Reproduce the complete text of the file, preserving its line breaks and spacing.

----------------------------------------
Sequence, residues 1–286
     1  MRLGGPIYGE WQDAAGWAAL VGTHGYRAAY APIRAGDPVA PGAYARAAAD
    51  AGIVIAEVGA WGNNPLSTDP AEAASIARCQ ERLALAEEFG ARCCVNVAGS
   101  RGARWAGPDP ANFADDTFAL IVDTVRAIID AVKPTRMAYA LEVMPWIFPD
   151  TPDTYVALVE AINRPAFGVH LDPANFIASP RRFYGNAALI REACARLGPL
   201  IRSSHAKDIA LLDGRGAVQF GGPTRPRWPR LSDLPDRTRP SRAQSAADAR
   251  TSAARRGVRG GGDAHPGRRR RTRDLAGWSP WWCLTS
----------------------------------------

Sequence, residues 1–286
     1  MRLGGPIYGE WQDAAGWAAL VGTHGYRAAY APIRAGDPVA PGAYARAAAD
    51  AGIVIAEVGA WGNNPLSTDP AEAASIARCQ ERLALAEEFG ARCCVNVAGS
   101  RGARWAGPDP ANFADDTFAL IVDTVRAIID AVKPTRMAYA LEVMPWIFPD
   151  TPDTYVALVE AINRPAFGVH LDPANFIASP RRFYGNAALI REACARLGPL
   201  IRSSHAKDIA LLDGRGAVQF GGPTRPRWPR LSDLPDRTRP SRAQSAADAR
   251  TSAARRGVRG GGDAHPGRRR RTRDLAGWSP WWCLTS